New Sococo denies ties to drug trafficking

-director says Malaysian bust ruined business

The interception of cocaine in products packaged by the New Sococo Enterprise in Malaysia in 2012 put a serious dent in the company’s operations, according to its Managing Director Manjula Brijmohan, who has strongly denied any involvement in drug trafficking, including a plot uncovered to export cocaine from Guyana to Italy.

The New Sococo Enterprise was last week linked to the plot by US and Italian organised crime syndicates to export cocaine out of Guyana as part of a trans-Atlantic cocaine ring.

Following the arrest of some 24 persons involved in the operation, including Franco Lupoi, a member of the Gambino crime family, reports said that the FBI and Italian investigators intercepted email messages between mobsters in Italy and a fruit canning company in Georgetown, Guyana about the plot. Italian court documents also stated, “The conspiracy slowed when shipping containers originating from the same Guyanese shipping company were seized in Malaysia and found to contain more than $7 million in cocaine hidden in pineapples and coconut milk.”

Manjula Brijmohan
Manjula Brijmohan

But an upset Brijmohan told Stabroek News yesterday that the 2012 bust had stained her company’s image and she is now producing just enough to pay her bills.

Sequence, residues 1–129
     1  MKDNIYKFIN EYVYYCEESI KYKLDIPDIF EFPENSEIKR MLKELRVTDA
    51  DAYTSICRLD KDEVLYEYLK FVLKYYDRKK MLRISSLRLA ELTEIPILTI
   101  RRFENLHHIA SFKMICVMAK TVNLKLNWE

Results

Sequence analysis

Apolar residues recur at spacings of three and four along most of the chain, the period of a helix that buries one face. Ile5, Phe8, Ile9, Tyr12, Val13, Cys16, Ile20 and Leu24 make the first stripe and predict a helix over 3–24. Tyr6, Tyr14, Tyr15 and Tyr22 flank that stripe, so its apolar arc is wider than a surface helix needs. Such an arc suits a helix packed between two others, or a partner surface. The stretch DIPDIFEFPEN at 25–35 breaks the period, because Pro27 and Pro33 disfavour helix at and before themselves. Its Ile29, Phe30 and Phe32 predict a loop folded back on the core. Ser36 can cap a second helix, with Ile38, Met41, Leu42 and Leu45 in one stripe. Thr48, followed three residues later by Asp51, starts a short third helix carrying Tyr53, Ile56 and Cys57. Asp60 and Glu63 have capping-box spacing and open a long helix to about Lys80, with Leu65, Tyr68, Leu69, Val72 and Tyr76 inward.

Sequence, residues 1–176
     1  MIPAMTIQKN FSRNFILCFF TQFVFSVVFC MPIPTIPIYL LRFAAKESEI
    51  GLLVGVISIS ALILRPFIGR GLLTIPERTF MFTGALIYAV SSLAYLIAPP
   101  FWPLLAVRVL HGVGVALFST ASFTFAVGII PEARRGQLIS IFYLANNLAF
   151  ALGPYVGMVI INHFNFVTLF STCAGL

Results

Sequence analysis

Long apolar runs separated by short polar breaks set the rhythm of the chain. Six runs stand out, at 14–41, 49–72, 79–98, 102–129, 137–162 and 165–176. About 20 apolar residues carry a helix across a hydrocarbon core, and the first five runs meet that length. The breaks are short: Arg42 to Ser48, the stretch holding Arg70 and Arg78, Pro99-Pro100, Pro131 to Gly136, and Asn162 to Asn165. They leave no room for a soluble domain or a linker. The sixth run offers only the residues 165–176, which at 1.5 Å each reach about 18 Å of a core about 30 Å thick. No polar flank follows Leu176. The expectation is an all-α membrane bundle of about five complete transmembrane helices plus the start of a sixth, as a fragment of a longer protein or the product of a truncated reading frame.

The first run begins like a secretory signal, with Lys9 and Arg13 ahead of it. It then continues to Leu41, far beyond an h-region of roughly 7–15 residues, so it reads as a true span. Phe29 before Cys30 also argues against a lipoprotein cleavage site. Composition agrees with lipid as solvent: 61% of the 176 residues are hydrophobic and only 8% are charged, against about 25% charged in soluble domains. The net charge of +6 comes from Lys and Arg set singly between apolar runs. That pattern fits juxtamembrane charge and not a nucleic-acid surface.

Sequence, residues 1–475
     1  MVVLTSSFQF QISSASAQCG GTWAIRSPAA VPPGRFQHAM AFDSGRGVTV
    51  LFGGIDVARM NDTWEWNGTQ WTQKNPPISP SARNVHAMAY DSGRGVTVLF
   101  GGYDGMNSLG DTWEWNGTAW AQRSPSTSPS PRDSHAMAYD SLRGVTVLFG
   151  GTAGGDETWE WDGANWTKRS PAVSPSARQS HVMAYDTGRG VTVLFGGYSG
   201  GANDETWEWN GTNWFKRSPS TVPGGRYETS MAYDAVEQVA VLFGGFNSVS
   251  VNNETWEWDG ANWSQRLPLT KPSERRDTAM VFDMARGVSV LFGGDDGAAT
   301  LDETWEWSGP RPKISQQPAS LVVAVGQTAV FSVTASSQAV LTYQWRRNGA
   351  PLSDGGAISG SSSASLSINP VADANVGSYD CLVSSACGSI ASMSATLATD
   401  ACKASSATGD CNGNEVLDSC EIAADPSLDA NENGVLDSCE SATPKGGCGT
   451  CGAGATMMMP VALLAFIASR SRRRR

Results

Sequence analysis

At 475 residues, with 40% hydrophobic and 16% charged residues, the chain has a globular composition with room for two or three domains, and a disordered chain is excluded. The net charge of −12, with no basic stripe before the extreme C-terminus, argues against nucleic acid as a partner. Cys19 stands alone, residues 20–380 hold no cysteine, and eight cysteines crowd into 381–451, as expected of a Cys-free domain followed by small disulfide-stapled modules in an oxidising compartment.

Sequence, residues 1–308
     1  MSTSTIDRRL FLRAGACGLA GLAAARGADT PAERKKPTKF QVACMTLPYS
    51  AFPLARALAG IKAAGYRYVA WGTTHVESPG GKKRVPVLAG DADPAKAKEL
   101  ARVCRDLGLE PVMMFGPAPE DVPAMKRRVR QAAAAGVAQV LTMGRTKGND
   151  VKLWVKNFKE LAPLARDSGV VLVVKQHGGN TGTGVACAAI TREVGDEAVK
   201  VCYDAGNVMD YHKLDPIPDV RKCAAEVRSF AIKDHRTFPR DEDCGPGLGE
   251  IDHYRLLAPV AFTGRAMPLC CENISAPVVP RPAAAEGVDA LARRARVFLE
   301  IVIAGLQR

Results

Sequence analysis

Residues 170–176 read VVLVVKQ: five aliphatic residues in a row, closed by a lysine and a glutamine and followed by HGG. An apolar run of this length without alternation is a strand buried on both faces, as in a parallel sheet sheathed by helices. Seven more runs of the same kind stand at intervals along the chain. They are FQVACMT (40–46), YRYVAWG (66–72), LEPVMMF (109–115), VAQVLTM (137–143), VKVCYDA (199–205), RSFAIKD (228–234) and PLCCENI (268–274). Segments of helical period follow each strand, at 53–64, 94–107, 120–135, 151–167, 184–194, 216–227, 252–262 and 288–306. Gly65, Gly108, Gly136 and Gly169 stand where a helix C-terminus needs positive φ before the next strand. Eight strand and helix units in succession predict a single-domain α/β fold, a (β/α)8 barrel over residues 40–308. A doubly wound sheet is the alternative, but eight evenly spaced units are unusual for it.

In November 2012, the Malaysian news agency Bernama reported that a container from Guyana was intercepted with cocaine in coconut milk. The drugs, worth RM22 million,  were found in 16 cartons comprising 384 cans of coconut milk, which were identified as mixtures with 400 grammes of cocaine in each. The container was destined for Mozambique.

Brijmohan told Stabroek News that the company usually shipped to countries in the Caribbean, Holland, Canada and Germany. The last two shipments went to Mozambique, she said, while recalling that the container with the drugs was checked by all the relevant authorities at a wharf in Lombard Street and passed through a scanning machine. She said that no irregularities were found and it was not until two months after that she learnt that cocaine was in the shipment.

“I am responsible up to the time that the goods are in my custody… I didn’t even know what route it was going because it was none of my business. I just ship it off. It was properly examined and passed through the scanner,” she said, while adding that the container could have stopped somewhere else before it was intercepted.

She questioned who was the person responsible “that two months of journey” while adding that based on this timeframe it is unlikely that her company was involved.

Brijmohan recalled that at one point Customs Anti-Narcotics Unit (CANU) officials came to the business and conducted tests on checks on cans and the machinery at the location but came up empty handed. “I know that we don’t deal. This was a shock to me,” she told Stabroek News.

She said that ranks told her that they don’t expect her to be engaged in that sort of activity but it was her container that the drugs were found in. According to her, she is still to see the cans that the drugs were in when the Malaysia bust occurred. Until then, she said, she cannot be sure that those were the cans that she had shipped.  “This thing they saying that we involved, is outrageous,” she said, before adding that anyone who knows her can “tell you how I live my life. I live an honest and straight life.”